Mc Pheeters Antique Militaria
Home Page About Us Ordering Information Links



1850s DRAGOON BRIDLE FEATURING HORSESHOE SHAPED BRASS BUCKLES w/ A LARGE SIZE MODEL 1847 BRASS DRAGOON BIT:  A very special set, this early US Dragoon era Bridle and Large Model 1847 Dragoon Brass Curb Bit is definitely a show piece of exceptionally rarity and quality.  Complete with the full headstall, featuring brass horseshoe shaped buckles, and a beautiful brass Dragoon Curb Bit, this set would never need to be upgraded. 

This piece stands apart from other Dragoon era bits and bridle sets in that this bit features cast brass cheek pieces and solid brass rings, a very rare characteristic.  The standard Dragoon bits were manufactured with iron cheek pieces and rings which were then brass faced, that is overlaid with a thin veneer of brass.  The brass facing process required a certain level of skill and mastery of metallurgy, and that sort of skilled labor was not available in every part of the country, or in the smaller smithies and forges.  Brass, much softer than iron, was seldom used as the foundation material for bits due to the stress both the horse and rider exerted on the equipment, and under enough pressure, the brass was prone to bend or break.  While it is known that cast brass bits were produced during the 19TH Century, their tendency to break has resulted in complete surviving examples such as this bit being quite rare today.  It is worth noting that the Confederacy experimented with several different productions of bits with cast brass cheek pieces, and they too, experienced the same weaknesses and failures.  What those Confederate bits looked like is unknown due to the lack of an identified specimen; however it is known that the Confederate Ordnance Department was inclined to copy proven patterns of bits used by the Federal army.  While there is no maker marks or other identifying marks on this bit, the possibility exists that it may be one of those brass bits produced by the Confederate arsenal at Clarksville or one of the civilian contractors employed by the Confederacy to produce the brass bits.   

Regardless of the source of this particular bit, there is no question that it was manufactured at some time in the 1850-1860s time period and that it was specifically produced for the military market. Other than the base material of the cheek pieces, this bit is from all other appearances, form and dimensions the pattern of bit used by the U.S. Dragoons.  And, the bit and bridle give every impression of having been together since their period of manufacture and use.   

The headstall is complete and made in substantial proportions of stout leather, obviously intended to survive the rigors of field use.  The equally strong crown and cheek pieces are full length, the billets have not been trimmed as is commonly seen on early headstalls, and the standing loops are all intact.  The cheek straps are fitted with brass horseshoe shaped buckles with iron tongues, and the throat latch and curb strap are fitted with iron or brass faced iron buckles, all of which retain a nice aged patina.  The leather is strong and pliable with a nice finish, and will display well if handled and supported properly.  There is an I or H (depending on how it is viewed) carved into the center of the crown piece, likely the initial of the owner placed to identify this special piece as his property.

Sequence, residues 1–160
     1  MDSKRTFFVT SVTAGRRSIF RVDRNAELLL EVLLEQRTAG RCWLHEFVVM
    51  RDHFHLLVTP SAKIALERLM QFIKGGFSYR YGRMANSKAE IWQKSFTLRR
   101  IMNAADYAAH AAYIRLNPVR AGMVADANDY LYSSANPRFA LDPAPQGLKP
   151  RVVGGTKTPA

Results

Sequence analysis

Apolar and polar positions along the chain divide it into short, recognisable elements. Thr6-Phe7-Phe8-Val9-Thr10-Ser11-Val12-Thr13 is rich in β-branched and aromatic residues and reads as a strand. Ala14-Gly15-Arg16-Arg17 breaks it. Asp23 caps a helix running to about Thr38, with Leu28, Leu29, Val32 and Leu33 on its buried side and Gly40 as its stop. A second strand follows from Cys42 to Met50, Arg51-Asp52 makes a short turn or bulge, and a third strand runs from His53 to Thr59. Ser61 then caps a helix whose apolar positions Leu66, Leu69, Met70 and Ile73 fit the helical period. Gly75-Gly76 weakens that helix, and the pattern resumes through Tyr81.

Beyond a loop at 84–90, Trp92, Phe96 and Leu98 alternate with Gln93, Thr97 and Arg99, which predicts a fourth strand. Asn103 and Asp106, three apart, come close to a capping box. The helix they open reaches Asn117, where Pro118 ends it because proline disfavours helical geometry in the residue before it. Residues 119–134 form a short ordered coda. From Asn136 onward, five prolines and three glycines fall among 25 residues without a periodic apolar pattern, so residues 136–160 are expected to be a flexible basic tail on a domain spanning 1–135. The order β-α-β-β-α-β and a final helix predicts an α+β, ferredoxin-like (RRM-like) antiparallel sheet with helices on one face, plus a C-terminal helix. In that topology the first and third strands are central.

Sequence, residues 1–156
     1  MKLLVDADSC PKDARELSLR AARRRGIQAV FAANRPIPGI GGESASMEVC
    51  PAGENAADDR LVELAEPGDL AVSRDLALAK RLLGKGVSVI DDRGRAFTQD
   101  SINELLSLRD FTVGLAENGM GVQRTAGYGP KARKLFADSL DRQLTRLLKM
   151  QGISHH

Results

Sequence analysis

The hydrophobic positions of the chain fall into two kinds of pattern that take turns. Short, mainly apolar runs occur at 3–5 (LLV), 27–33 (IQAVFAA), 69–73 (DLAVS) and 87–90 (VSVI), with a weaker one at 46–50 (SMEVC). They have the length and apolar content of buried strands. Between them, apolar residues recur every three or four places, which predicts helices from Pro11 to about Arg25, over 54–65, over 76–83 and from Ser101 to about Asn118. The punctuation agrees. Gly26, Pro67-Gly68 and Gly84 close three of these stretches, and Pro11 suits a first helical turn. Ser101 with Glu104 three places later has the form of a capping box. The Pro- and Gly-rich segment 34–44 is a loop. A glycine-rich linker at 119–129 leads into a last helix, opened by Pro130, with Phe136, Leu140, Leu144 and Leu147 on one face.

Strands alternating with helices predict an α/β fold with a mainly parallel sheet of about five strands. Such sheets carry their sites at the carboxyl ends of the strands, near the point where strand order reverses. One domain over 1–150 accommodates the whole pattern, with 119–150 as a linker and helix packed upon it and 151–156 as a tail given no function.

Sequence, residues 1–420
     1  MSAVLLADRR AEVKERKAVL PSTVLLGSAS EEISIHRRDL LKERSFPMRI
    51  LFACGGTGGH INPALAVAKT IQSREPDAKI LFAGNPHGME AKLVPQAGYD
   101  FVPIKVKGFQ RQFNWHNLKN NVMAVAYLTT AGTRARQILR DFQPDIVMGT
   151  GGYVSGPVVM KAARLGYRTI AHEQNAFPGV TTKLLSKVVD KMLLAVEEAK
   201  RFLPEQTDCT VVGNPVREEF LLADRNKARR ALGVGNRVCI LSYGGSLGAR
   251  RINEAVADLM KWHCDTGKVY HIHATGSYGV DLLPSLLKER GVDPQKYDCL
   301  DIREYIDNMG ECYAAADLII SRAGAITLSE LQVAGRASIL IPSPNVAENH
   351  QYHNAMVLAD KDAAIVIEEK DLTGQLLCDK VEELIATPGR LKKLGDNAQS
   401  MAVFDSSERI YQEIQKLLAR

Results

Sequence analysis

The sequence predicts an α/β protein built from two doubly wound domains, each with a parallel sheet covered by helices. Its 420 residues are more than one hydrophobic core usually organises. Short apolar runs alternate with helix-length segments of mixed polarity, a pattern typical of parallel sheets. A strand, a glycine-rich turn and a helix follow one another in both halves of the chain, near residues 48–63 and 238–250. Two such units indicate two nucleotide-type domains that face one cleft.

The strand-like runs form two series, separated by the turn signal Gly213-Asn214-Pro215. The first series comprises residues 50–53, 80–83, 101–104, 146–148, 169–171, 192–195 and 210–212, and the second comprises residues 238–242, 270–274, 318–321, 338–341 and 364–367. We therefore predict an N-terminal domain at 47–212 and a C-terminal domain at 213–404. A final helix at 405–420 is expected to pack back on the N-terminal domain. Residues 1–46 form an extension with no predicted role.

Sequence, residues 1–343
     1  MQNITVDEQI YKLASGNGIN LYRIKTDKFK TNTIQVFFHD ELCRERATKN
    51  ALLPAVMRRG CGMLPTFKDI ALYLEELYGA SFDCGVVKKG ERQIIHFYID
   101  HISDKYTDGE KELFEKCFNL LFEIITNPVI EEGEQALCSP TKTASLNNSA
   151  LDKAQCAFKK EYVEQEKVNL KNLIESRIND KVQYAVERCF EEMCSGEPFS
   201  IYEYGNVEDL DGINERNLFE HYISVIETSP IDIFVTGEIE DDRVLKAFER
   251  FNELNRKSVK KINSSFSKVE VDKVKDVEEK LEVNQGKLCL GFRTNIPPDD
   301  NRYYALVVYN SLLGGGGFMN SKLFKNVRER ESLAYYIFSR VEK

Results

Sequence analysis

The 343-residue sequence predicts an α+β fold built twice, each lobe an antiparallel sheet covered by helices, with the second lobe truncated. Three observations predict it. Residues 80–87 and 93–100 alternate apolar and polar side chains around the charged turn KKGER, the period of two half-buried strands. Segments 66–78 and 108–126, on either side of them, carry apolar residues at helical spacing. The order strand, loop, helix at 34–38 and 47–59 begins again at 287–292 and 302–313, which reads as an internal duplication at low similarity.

Suspended from the headstall is the larger version of the Model 1847 Dragoon Bit, the same pattern as is shown in Figure 7 and 8 on page 371 of The American Military Saddle, 1776-1945.  An exceptional specimen, this bit shows little evidence of use or wear, and it features a beautiful, unpolished patina on the surface of the brass sidebars and rings.  The bit is full form with no damage, only minor bending at the bridle billet eye typical of solid brass bits no other signs of heavy wear or abuse, and the lower bar is intact with no misshaping.  The iron mouth piece and lower bar are in likewise excellent condition with an even naturally aged brown patina.  

Worth noting is the presence of the original curb strap still in buckled place between the bridle billet eyes.  It appears to be full length and is fitted with a horseshoe shaped brass-faced buckle.  This is a very early curb strap and is a rare survivor in its own right almost impossible to find on the loose.   

This early Dragoon set is the type of special item that seldom comes along, and when it does, it threatens to turn me into my own best customer, requiring a certain amount of discipline to remember that I cannot keep it all.  Due to the limited number of dragoons, their equipment was never made in large numbers, and the survival rate is very low when compared to the later Civil War horse equipment.   This excellent set would be appropriate to display with an early Dragoon Saddle, elevating the value of the pairing significantly, and it would be equally appropriate displayed with a Civil War officer's saddle, as the officers on both sides of the conflict had a decided preference for the early dragoon influenced equipment.  This offering is a rare opportunity to acquire a very nice piece to add to your collection.  (0211)  $1975



Ordering Instructions

Identified Items  


Edged Weapons

Saddles and Horse Equipment


Collectors Ammunition

Uniforms, Insignia, Hats

Canteens and Mess Gear

Gun tools, Bullet molds and Parts

Field Equipment and Artillery

Original Ordnance Manuals, and Photos 

US Army Medical

Reference Books and Reprints